Monday, December 27, 2004

Where is the Real Danger in US Economy?

Is what James Glassman calls "the glorious period of Wealth Americana" coming to an end?

Unlike some analysts of the US economy, Glassman, writing at isn't alarmed by the US budget deficit, which he views as being relatively inconsequential, or the current performance of the US dollar against the euro.

Instead, Glassman speaks of three major clouds on the US economy:
• We're developing a science gap. In an article in Foreign Affairs, Adam Segal points out that "38 percent of America's scientists and engineers with doctorates were born outside this country." Now, as their own Asian economies strengthen and as we take steps that make work here less attractive, such as accounting changes that force companies to drop their stock-option plans, these U.S.-educated scientists are going back home. Innovation will shift elsewhere as our government skimps on basic research in the hard sciences. In R&D, the United States is already starting to trail countries like Japan and South Korea.

• We're discouraging what economist John Maynard Keynes called "animal spirits" -- the drive to take business and investing risks that ultimately benefit others as well as ourselves. Proximate cause of the new risk aversion is runaway lawsuits and stultifying regulations like those in the Sarbanes-Oxley law that followed the Enron scandal. But at root is a general attitude of entitlement and irresponsibility spread by politicians who promise constituents wealth without risk or pain.

• We won't have enough workers to provide the Social Security and Medicare benefits for retired Americans. Today, there are 3.3 workers per retiree; by 2030, the figure will be just 2.2. If benefits are cut and taxes are raised, then the standard of living of groups will decline.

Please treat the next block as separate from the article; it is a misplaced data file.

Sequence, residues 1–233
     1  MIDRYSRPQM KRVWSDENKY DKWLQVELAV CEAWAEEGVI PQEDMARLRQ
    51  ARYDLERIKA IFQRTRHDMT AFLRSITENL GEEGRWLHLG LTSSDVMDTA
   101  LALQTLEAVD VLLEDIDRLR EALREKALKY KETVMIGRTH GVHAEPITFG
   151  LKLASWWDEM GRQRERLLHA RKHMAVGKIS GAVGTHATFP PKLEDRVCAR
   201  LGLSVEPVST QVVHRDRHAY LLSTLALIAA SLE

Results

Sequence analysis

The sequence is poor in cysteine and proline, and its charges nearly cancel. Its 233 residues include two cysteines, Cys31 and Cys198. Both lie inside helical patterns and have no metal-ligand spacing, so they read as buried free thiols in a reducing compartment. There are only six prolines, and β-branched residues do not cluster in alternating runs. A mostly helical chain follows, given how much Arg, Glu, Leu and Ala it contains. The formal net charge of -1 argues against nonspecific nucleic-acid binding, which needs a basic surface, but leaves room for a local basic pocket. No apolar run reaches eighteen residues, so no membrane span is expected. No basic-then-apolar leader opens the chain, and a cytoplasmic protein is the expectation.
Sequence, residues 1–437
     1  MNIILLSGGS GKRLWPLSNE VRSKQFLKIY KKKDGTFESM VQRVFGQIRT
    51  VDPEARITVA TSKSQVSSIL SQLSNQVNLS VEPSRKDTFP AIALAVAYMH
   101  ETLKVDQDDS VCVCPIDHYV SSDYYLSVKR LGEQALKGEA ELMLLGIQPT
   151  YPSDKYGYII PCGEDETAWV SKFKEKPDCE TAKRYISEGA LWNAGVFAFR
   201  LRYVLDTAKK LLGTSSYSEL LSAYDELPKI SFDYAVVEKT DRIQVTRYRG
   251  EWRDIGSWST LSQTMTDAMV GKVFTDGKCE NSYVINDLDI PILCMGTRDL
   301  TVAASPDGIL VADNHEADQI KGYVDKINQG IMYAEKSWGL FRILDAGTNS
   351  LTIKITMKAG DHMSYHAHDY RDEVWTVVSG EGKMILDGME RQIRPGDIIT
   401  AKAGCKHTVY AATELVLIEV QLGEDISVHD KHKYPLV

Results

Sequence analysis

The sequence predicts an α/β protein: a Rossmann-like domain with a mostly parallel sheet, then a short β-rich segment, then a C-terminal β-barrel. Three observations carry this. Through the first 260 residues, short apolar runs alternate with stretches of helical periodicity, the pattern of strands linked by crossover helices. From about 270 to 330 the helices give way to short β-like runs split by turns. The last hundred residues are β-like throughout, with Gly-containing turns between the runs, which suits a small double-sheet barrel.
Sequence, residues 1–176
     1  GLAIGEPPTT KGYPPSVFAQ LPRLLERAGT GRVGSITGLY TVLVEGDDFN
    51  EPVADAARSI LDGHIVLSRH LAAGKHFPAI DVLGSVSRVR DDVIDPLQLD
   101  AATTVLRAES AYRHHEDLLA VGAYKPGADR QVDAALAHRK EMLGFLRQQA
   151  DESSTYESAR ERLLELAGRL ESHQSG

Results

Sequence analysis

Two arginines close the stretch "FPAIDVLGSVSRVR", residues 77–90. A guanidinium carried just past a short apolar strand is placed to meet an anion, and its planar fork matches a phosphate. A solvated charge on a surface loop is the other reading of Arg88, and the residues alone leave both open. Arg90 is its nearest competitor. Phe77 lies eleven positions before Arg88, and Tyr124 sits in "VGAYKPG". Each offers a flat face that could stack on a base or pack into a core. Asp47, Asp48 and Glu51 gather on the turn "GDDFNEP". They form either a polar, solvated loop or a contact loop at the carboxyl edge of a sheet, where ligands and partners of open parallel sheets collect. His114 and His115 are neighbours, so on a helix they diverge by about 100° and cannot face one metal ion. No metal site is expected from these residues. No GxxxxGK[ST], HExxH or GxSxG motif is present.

Glassman goes on to worry that the latter two "dangers," as he calls them are cultural or social, "
the result of a decline in striving, a lack of striving, a softness that has afflicted every other great nation in history. Call it American decadence -- our own version of what happened to the Roman Empire."

In a society composed of human beings, of course, decadence is inevitable. It resides in me and Mr. Glassman and every other member of the human race.

And I would agree with him that a lack of industry is decadent.

But so too, is hyper-materialism, the notion that we must always be striving for more material wealth, else it will spell the end of American civilization. Untrammeled materialism with no thought of how we can share the blessings we've received is incredibly decadent.

The antidote, from my perspective, is an individual connection with God which causes us to see that whether it's made possible by our brain, brawn, or a combination thereof, our capacity to generate income comes from God. That insight in turn, will make us more inclined to share and that includes sharing opportunities with others.

1 comment:

Deborah White said...

Amen to your conclusion about hyper-materialism and the related antidote! ---- Deborah White